RECS Survey Year

Note: The number of housing units was obtained from data from the US Bureau of the Census, Current Population Survey (CPS). For general information about the CPS, see http://www.bis.census.gov/pcs/cpsmain.htm.

Sources: Energy Information Administration; 1978 through 1997 Residential Energy Consumption Surveys.

Although the number of housing units in all four U.S. Census regions increased over the 1978-1997 period, the distribution of those same housing units across the Nation also changed (Figure 2.2).

The change in the distribution directly affected both the types and the amounts of energy consumed in the United States. For example, air-conditioning was used more in the South than in the West; natural gas was the most frequently used heating fuel in the Midwest, while fuel oil was little used outside the Northeast.

The proportion of housing units in the South increased from 32 percent in 1978 to 35 percent in 1997. At the same time, housing units in the West increased from 18 percent to 21 percent. In contrast, the proportion of housing units in the Northeast and the Midwest decreased by 4 percentage points and 3 percentage points, respectively.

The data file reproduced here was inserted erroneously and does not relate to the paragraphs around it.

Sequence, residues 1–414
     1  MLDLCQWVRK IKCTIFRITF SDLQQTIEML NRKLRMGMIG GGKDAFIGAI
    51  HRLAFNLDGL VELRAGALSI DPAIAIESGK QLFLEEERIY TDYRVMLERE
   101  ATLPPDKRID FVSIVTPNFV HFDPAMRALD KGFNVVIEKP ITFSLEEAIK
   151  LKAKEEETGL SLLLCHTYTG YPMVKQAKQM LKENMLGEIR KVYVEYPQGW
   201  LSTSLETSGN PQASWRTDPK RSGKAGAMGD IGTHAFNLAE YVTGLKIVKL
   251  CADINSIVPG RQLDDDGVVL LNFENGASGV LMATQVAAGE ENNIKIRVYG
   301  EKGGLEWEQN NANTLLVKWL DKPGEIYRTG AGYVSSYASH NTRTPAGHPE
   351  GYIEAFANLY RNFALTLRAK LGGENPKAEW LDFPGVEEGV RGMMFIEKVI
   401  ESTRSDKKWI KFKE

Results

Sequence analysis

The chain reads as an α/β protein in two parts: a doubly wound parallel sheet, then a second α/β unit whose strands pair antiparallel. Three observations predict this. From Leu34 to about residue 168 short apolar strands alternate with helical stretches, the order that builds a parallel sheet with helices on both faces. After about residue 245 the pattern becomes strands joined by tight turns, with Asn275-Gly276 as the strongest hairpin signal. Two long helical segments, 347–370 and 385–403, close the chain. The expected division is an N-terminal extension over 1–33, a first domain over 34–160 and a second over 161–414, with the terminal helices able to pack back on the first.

At the same time that the number of housing units was increasing, the size of housing units in the United States also became increasingly larger, resulting in an increased demand for energy-consuming activities, such as heating, airconditioning, and lighting. The percentage of smaller housing units, those with four or fewer rooms (excluding bathrooms), decreased from 35 percent to 30 percent (Figure 2.3). At the other end of the scale, the percentage of larger housing units, those with seven or more rooms, increased from 22 percent in 1978 to 29 percent in 1997.

Energy Consumption

Energy consumption can be expressed as the amount of energy consumed within the housing unit (site energy) or it can include the energy consumed in generating and